Drug and alcohol detox is the process of clearing an addictive substance from your body by abstaining from use for an extended period of time. During this time, many people experience physical and mental withdrawal symptoms as the body adjusts to a lack of the substance that had previously been present.
Medically-assisted detox is always the safest way to rid your body of an addictive substance, whether you’ve been using a substance for a few days or several years. Withdrawal can be unpredictable and clinical monitoring ensures that you’ll have access to medical treatment in the event of a serious health issue or medical emergency.
But before you or a loved one can even be admitted to a drug and alcohol detox center, you must first recognize that there is a substance abuse problem.
The National Institute on Drug Abuse defines drug dependence as “a state in which an organism functions normally only in the presence of a drug.” In your everyday life, drug dependence may present itself as the inability to get through the day without using a drug or feeling unable to complete normal, daily tasks without it. If you have become dependent on a drug, you might feel fearful about the idea of not using it because you dread the uncomfortable physical effects you experience when you stop.
Addiction is defined by the American Society of Addiction Medicine as “a primary chronic disease of brain reward, motivation, memory and related circuitry.” To put it plainly, addiction is a disease of the brain that is characterized by the inability to control a certain action or behavior despite negative physical, emotional and relational consequences.
The American Psychiatric Association publishes the Diagnostic and Statistical Manual of Mental Disorders (DSM) to determine the severity of a person’s addiction. This criterion includes:
- Relationships are strained due to substance use
- A considerable amount of time is spent trying to get the substance
- There are physical and emotional signs of withdrawal when usage is stopped
- Strong cravings for the substance are constant
- Hobbies and recreational activities take a back seat to drug use
- School, work and other obligations are no longer a priority
- There is a physical inability to stop using the drug, even when actively trying
- There is a lack of control concerning drug usage habits
- The drug abuse puts the user or others in dangerous situations
If you find that you or a loved one meet two or more of the criteria listed above, you may have a serious substance abuse problem and should consider seeking professional detox and addiction rehabilitation.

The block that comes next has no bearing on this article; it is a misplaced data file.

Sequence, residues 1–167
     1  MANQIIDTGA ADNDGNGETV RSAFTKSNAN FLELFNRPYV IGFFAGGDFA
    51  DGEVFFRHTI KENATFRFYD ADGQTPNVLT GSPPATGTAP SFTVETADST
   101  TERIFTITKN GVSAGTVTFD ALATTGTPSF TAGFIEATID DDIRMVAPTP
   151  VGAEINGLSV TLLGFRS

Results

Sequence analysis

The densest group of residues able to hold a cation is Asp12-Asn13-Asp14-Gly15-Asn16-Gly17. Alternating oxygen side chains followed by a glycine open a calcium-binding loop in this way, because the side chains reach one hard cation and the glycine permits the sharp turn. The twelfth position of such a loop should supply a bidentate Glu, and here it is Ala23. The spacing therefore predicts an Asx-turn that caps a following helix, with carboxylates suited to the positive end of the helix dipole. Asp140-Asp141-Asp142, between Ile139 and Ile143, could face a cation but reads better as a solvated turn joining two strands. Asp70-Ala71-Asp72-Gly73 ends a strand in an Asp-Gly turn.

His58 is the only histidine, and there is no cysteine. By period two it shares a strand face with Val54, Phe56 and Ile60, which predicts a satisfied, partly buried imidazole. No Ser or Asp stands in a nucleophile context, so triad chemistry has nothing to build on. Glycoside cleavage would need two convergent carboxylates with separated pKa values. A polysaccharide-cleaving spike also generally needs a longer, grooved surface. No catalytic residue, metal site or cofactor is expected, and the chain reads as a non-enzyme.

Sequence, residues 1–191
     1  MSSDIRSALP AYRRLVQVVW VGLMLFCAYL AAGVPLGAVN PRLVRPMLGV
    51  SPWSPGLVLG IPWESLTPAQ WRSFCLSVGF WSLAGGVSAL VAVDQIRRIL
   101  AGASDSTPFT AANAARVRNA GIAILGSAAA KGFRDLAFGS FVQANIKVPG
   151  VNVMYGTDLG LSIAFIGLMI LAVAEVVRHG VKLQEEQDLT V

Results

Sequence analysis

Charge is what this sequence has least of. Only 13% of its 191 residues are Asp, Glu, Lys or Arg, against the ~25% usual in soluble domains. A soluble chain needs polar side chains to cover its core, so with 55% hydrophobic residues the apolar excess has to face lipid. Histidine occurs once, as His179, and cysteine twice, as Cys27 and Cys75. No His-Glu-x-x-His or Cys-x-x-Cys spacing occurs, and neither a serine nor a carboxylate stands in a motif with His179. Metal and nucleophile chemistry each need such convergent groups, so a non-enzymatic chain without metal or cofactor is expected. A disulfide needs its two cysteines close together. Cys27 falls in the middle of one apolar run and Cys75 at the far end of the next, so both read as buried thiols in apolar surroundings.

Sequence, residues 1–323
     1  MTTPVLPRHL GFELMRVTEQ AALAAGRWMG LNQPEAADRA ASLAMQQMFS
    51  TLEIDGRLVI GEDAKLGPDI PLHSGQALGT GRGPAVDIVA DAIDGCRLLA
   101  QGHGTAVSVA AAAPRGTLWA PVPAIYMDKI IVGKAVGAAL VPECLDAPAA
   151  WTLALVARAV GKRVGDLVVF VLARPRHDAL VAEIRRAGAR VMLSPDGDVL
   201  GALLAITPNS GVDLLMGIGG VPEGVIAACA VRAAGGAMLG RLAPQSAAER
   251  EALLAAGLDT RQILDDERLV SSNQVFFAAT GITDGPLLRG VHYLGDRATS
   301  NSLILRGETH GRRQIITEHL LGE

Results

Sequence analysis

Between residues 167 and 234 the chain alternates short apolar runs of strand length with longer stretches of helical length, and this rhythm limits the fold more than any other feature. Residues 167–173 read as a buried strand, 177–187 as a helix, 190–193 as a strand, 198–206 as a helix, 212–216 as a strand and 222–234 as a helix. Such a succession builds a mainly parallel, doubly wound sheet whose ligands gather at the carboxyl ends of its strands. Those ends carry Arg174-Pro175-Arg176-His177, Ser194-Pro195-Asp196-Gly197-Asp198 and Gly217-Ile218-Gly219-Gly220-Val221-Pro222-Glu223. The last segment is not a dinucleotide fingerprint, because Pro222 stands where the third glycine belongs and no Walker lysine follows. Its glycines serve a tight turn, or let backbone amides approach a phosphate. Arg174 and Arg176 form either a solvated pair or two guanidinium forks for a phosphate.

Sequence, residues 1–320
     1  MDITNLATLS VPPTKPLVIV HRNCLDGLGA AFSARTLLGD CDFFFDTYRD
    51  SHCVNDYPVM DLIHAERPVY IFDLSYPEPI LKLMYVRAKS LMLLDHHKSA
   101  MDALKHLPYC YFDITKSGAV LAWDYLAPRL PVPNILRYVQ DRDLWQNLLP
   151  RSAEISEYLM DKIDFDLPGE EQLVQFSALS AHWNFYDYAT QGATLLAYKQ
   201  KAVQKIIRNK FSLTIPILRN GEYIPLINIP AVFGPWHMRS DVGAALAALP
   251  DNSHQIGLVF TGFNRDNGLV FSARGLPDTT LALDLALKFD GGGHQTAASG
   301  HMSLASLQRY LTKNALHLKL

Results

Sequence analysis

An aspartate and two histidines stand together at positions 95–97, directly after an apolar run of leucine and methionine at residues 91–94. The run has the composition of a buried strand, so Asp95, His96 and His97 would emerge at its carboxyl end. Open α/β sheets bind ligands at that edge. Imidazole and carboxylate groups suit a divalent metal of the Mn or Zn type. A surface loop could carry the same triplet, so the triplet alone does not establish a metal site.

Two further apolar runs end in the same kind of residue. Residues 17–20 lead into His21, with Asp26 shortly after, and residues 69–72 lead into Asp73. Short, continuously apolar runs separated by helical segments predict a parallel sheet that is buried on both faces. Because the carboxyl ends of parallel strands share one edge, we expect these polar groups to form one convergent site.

Signs You May Need Detox
Addiction can affect anyone. This disease does not discriminate based on age, ethnicity, sex, economic status, or any other factor. In any case, it can be very difficult to identify your own addiction and admit that you need help. If you’re still unsure about your need for detox, ask yourself the following questions:
- Do I hide my drug abuse from friends and family?
- Do I want to quit but feel like I am unable to?
- Have I lost interest in other things I used to enjoy?
- Do I need to take more of the drug to get the same effect I used to?
- Are my relationships suffering as a result of my drug abuse?
- Do I have strong drug cravings?
- Do I experience withdrawal symptoms if I stop using?
- Is a majority of my time spent trying to figure out how I will get the substance?
- Do I risk the safety of myself or others just to use?
- Do I feel guilty about my drug usage?
If you answered yes to any of these questions, you may need to consider a detox treatment plan, medical monitoring in a detox facility or an intensive drug rehab program.
Detox is just the first phase of recovery. It is a gateway into long-term addiction treatment that will address deeply-rooted issues that caused the addiction in the first place. Detoxification addresses your current needs, helping you process withdrawal and all the physical, mental and emotional changes that come with it. Rehab provides ongoing therapy, coping mechanisms and life skills for people who need to learn how to live a life without substance abuse.
While a detox program at Hill Country Detox will prepare you for ongoing treatment, it is certainly not a substitute for it. For this reason, we recommend completing detox before entering an inpatient or outpatient rehab program.
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